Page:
Japan Geoscience Union Meeting 2018

Presentation information

[EE] Evening Poster

P (Space and Planetary Sciences) » P-PS Planetary Sciences

[P-PS03] Small Bodies in the Solar System: Current Understanding and Future Prospects

Wed. May 23, 2018 5:15 PM - 6:30 PM Poster Hall (International Exhibition Hall7, Makuhari Messe)

convener:Masateru Ishiguro(Department of Physics and Astronomy, Seoul National University), Taishi Nakamoto(Tokyo Institute of Technology), Masahiko Arakawa(神戸大学大学院理学研究科, 共同), Masanao Abe(Institute of Space and Astronautical Science, Japan Aerospace Exploration Agency)

[PPS03-P18] Experimental study on crater size scaling law of porous silica layer

*Takuya Ishiguro1, Masahiko Arakawa1, Minami Yasui1 (1.Dept. of Planetology, Graduate School of Science, KOBE University)

Keywords:impact crater, scaling law, porous bodies

Recent planetary explorations and ground-based observations revealed that many small bodies in the solar system could have a large porosity: 80% for cometary nuclei and less than 75% for asteroids. For impact cratering phenomena on such porous bodies, a new crater formation mechanism dominated by pore collapse and compaction was proposed: it was recently classified as a compressive type crater. Impact craters are classically classified into two types: one is a crater formed in a gravity dominated regime and the other is one formed in a strength dominated regime. For these classical type craters, a π scaling law has been constructed and used to discuss various impact phenomena. However, the cratering model considering the effect of porosity was not fully constructed. Besides, the π scaling law applicable for porous asteroids is necessary for the impact experiment on asteroid Ryugu by a small carry-on impactor equipped on Hayabusa-2 spacecraft, because one of the surface models of Ryugu is a fine-grained porous layer.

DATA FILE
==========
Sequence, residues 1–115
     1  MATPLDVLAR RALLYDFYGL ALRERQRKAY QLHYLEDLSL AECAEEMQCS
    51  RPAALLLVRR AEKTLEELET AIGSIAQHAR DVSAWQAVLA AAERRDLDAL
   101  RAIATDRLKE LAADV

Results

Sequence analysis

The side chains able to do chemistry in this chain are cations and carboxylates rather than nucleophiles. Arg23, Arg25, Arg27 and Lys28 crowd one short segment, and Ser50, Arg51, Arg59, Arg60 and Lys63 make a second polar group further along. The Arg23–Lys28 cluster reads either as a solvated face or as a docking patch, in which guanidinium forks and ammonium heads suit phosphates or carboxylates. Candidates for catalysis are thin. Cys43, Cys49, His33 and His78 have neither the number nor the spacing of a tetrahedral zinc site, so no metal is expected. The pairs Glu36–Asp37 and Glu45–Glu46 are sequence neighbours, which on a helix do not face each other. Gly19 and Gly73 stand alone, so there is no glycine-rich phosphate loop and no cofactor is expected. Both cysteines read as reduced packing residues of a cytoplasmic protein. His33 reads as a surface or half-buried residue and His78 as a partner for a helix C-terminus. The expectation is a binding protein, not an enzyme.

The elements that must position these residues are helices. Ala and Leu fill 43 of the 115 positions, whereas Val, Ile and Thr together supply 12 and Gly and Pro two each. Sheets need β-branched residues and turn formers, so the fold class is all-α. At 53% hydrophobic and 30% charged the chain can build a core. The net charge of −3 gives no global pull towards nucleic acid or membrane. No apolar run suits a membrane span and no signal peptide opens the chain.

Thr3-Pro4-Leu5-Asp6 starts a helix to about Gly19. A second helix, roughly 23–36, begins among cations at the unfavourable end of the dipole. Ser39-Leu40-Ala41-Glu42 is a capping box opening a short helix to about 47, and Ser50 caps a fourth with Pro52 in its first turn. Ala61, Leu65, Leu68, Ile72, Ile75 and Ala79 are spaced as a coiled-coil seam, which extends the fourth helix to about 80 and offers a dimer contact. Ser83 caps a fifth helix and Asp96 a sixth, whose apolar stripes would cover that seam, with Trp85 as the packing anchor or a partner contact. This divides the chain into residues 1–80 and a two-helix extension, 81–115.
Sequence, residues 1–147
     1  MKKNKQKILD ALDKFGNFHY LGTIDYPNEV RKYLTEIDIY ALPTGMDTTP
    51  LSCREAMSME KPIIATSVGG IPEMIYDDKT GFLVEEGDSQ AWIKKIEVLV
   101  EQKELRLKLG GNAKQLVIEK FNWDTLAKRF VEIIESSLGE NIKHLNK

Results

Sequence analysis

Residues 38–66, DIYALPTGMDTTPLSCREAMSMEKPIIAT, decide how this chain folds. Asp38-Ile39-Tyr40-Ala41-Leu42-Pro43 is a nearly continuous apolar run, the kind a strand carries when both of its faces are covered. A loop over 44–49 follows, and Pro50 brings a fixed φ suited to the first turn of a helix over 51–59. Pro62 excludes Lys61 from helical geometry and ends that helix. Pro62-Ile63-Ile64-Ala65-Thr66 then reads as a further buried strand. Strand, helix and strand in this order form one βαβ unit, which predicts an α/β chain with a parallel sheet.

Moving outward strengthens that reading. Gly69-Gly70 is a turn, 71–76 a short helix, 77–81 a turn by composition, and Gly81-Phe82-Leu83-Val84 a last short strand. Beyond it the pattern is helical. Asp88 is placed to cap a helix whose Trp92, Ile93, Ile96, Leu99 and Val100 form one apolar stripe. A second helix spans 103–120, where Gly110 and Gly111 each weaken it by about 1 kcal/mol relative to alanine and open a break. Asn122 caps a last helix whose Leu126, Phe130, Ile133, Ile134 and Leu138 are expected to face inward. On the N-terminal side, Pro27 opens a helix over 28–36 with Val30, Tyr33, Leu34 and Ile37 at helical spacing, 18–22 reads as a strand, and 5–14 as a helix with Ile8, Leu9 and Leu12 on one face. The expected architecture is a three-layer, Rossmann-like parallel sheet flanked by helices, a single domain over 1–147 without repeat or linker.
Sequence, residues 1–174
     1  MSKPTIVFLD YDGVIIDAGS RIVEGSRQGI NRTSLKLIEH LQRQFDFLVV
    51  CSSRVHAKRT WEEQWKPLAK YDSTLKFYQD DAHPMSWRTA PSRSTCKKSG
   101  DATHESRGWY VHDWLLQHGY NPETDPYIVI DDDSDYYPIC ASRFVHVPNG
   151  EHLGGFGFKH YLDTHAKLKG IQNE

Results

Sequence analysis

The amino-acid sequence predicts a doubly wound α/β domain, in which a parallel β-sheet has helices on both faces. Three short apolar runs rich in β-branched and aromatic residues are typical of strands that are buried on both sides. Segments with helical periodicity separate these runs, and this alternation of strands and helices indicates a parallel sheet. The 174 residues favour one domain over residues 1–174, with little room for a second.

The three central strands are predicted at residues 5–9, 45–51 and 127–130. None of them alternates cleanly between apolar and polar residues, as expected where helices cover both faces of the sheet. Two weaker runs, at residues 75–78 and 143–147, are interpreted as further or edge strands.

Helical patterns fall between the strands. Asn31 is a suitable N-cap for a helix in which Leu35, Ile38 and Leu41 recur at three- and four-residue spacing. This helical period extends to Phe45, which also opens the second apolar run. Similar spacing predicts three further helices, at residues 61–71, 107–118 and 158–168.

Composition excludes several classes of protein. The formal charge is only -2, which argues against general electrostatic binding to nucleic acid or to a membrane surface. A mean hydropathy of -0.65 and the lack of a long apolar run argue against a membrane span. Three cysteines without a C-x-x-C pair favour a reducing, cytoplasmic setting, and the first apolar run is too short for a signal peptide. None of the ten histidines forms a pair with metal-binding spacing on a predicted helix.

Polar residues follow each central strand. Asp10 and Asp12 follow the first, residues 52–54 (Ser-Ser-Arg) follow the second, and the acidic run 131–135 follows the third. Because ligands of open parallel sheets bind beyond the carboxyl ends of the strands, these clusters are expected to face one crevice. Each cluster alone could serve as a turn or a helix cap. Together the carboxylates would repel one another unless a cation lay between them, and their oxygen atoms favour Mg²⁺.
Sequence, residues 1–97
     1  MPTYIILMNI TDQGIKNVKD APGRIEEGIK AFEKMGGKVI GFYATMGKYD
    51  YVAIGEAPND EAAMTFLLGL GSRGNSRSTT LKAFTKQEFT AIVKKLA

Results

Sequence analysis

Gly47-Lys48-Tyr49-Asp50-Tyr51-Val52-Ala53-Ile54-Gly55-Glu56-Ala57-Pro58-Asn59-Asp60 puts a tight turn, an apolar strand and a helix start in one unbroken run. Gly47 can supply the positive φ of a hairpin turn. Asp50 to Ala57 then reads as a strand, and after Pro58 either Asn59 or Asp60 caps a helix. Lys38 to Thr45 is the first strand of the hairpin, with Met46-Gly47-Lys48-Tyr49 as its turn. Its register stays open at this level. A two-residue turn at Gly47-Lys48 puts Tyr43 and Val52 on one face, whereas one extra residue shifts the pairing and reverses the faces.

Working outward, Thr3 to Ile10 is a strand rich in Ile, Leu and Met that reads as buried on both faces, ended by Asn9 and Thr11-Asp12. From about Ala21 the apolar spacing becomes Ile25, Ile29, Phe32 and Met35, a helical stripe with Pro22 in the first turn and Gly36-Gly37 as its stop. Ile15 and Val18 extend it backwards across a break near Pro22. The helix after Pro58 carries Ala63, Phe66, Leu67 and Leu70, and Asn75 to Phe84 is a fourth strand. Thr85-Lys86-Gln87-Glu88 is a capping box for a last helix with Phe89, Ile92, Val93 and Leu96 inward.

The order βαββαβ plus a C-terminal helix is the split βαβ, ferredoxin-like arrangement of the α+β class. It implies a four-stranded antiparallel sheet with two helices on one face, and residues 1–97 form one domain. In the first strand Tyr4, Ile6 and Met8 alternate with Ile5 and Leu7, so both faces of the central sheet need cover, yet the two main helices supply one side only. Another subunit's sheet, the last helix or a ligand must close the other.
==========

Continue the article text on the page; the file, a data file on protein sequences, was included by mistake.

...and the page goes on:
In this study, we used commercially available amorphous silica dusts with the mean particle diameter of 0.5mm and the material density of 2.2gcm-3s), and we controlled the bulk porosity of the target from 50% to 78% by changing the degree of compression. The target was adhered by a Van Der Waals force with the tensile strength(Yt) from 100 Pa to 104Pa. For the purpose of studying the effect of porosity on cratering phenomena, we conducted impact cratering experiments on this porous target by using two-stage light gas gun set at Kobe University. Spherical glass projectiles with the diameter of 1mm and 2mm, and the mass of 1.5mg and 10mg(mp) was impacted at 0.8-6.5kms-1. The target was set in a vacuum chamber evacuated at less than 20 Pa. First, the targets with the porosity from 50% to 78% were impacted at 3.6kms-1. The crater morphology changed with the increase of the target porosity: the shallow dish type crater was observed on the target with the porosity of 50%, and as the porosity increased the spherical cavity was formed and grew below the shallow dish crater. The recovered target was cured by an epoxy resin and cut through at the center of the crater so that we could observe the cross section and measure the cavity radius (R), the depth of the crater (d) and the radius of the shallow dish crater (Rs). The relationship between distension α=ρsbulk and the normalized cavity radius, πR=Rbulk/mp)1/3, was found to follow the empirical equation of πR=1.9α0.7, where ρbulk is a bulk density of the target, and the relationship between the distension and the normalized crater depth, πd=dbulk/mp)1/3, was found to follow the empirical equation of πd=3.0α1.0. However, the radius of the shallow dish crater measured at the entrance of the cavity, πRs=Rsbulk/mp)1/3, was found to be constant irrespective of the target porosity. Second, the targets with the porosity of 70% and 60% were impacted at 0.8-6.5kms-1 to study the velocity dependency. The crater morphology changed with the increase of the impact velocity: the carrot type penetration hole was observed below the shallow dish crater at the impact velocity of 0.8kms-1, and as the impact velocity increased the spherical cavity was formed and grown. For the targets with the porosity of 70%, the relationship between πRs and another scaling parameter, πYt=Ytbulkvi2, was found to follow the empirical equation of πRs=0.09πYt-0.27, where vi is the impact velocity, and for that of 60% the relationship between πRs and πYt was found to follow the empirical equation of πRs=0.20πYt-0.24. These empirical equations could be used to incorporate the effect of porosity on the scaling law.